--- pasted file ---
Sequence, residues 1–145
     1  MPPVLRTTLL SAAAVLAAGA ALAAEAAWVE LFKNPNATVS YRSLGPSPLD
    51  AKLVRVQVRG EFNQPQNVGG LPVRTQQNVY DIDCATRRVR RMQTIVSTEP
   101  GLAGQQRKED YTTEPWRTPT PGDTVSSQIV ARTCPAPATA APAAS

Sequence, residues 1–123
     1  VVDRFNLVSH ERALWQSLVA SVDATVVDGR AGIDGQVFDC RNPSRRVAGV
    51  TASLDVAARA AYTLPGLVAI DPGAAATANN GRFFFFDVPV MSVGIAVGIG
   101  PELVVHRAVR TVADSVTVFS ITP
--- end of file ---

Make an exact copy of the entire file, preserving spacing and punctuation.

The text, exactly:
Sequence, residues 1–145
     1  MPPVLRTTLL SAAAVLAAGA ALAAEAAWVE LFKNPNATVS YRSLGPSPLD
    51  AKLVRVQVRG EFNQPQNVGG LPVRTQQNVY DIDCATRRVR RMQTIVSTEP
   101  GLAGQQRKED YTTEPWRTPT PGDTVSSQIV ARTCPAPATA APAAS

Sequence, residues 1–123
     1  VVDRFNLVSH ERALWQSLVA SVDATVVDGR AGIDGQVFDC RNPSRRVAGV
    51  TASLDVAARA AYTLPGLVAI DPGAAATANN GRFFFFDVPV MSVGIAVGIG
   101  PELVVHRAVR TVADSVTVFS ITP